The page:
Outside the courtroom, Kitty, dressed in a leopard-print pantsuit and black leather jacket, said she'd lived at the East Oakland house for sixteen years and only drew complaints when a couple -- whom Janowitz uncharitably described as "yuppies" -- bought the house next door two years ago. "They're trying to evict me for something I didn't do," she said somberly, noting that, for instance, she and her kids were all at church when they supposedly burned the Christmas tree in the street.

In the end, Kitty tentatively agreed to move out with financial assistance from county-run program Project Destiny. "I wanna move," she said. "It's uncomfortable. ... The kids can't even go out and play." --Will Harper

Sippy cups for adults: When 7 Days heard about the "BART-approved" spill-proof mugs that let morning commuters sip their coffee in transit, we were puzzled. Had BART changed its strict no eating/no drinking policy? No such luck. "People shouldn't be eating or drinking anything on the BART," says Lt. Maria White of the BART fuzz. Yes, you can scarf your donuts in the outer area of the station, but once you pass the pay gates, no mas.

The mugs are sold only at the Pleasant Hill BART station's All Aboard kiosk, which opened last July. Kiosk owner Brian Black says they are designed for riders to carry their coffee safely across the bay, but not drink it. Wink. Yep, and bongs are for tobacco-smoking.

But given that the mugs bear the official BART logo, and the kiosk also sells breakfast foods, some confusion seems inevitable. "I know it sometimes seems like an oxymoron allowing food vendors at the station," White admits. In fact, with citations ranging from $75 to $150 for snacking on board, the whole thing reeks of entrapment.

Controversy over food being sold at stations isn't new. Efforts by BART directors to ban the practice have failed in the past; the board instead moved to increase public awareness. But you can't fight low blood sugar. "We've had cases where people have brought roasted chicken onto the BART and tossed the bones on the floor after they got through eating," says BART spokesman Mike Healy.

Black, whose stand also sells candy, newspapers, and a "Morning Break -- In Transit" pack that includes a breakfast pastry or bagel with cream cheese, may inadvertently be adding to the confusion. In fact, when Healy first found out about the mugs, he was concerned: "The logo implies that BART has approved this mug for people to take it on the system and drink coffee out of it," he says. Healy blames BART's real-estate office for telling Black he could use the logo; the spokesman says he instructed the office to tell Black in no uncertain terms to "cease and desist."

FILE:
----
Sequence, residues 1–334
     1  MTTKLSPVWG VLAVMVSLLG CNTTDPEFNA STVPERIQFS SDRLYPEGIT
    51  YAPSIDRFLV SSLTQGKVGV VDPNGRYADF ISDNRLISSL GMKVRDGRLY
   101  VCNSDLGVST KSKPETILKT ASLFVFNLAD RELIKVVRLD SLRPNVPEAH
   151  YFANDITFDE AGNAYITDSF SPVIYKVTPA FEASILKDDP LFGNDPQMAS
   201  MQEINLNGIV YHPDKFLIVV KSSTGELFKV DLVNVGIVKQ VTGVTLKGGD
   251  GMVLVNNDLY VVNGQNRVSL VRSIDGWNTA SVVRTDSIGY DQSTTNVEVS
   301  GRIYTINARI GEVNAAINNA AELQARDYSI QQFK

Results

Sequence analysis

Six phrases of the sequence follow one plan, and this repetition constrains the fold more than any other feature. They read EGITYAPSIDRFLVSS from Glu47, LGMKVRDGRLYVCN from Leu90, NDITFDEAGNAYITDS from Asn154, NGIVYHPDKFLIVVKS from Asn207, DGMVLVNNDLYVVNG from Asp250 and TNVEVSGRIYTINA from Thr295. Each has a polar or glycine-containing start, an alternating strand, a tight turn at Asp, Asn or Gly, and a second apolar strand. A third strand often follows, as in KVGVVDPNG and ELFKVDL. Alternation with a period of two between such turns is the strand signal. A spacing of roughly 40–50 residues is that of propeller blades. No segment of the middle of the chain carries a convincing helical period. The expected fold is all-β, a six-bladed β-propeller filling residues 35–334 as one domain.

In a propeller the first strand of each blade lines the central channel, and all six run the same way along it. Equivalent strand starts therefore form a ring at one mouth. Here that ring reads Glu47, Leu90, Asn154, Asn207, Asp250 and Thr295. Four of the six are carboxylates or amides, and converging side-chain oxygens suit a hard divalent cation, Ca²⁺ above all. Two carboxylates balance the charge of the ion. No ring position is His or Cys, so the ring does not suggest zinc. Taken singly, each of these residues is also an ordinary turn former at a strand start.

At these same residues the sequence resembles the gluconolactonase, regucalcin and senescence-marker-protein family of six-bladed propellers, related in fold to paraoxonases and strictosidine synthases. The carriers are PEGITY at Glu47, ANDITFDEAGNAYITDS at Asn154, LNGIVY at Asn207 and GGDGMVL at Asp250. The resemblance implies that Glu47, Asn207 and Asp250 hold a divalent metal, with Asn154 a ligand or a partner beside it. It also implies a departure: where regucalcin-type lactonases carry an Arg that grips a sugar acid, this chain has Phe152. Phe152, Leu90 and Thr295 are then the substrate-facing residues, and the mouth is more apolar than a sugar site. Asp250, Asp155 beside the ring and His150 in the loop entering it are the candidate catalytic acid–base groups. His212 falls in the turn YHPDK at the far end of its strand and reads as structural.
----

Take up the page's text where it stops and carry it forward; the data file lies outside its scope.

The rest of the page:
But eight months later, Black, who's sold over 1,500 of the mugs, insists BART managers ultimately told him the mugs were okay. The kiosk operator has plans to open at least eight more stands throughout the system. There are signs all over the station detailing the food and beverage policy, he notes, and it's clear the mug is made for travel, not for drinking: "Most of your die-hard coffee people are hip to that," he says. Hipness, however, has nothing to do with it. The real question is whether any die-hard coffee person could make it from Pleasant Hill to Embarcadero station without nipping on the caffeine. -- Helene Blatter

Clearing the tab: As Peralta Community College District Chancellor Ronald Temple prepares to leave office on a platinum parachute, the Alameda County DA's office is wrapping up its investigation of Temple's spending habits and district contracts.

In spite of Temple's rep for living large on the public dime -- his own highly lucrative contract, overseas travel, and publicly funded SUV -- the DA's months-long inquiry has turned up nothing criminal. Inspector John Lovelady says he's reviewed Temple's credit card expenditures, district-paid trips to his home in Chicago, and the district's controversial multimillion-dollar contract with CampusWorks -- a software firm for which the chancellor served as a consultant -- and has yet to find any chargeable improprieties.

Lovelady is still looking at two professional service contracts approved by either Temple or another Peralta exec. He wouldn't identify the contracts, but said he's trying to determine whether the work billed to the district was actually done. It may well turn out that, again, there's nothing criminal to report. Temple's only crime, in that case, is being arrogant and overpaid, and unfortunately, nobody ever went to jail for that. -- Will Harper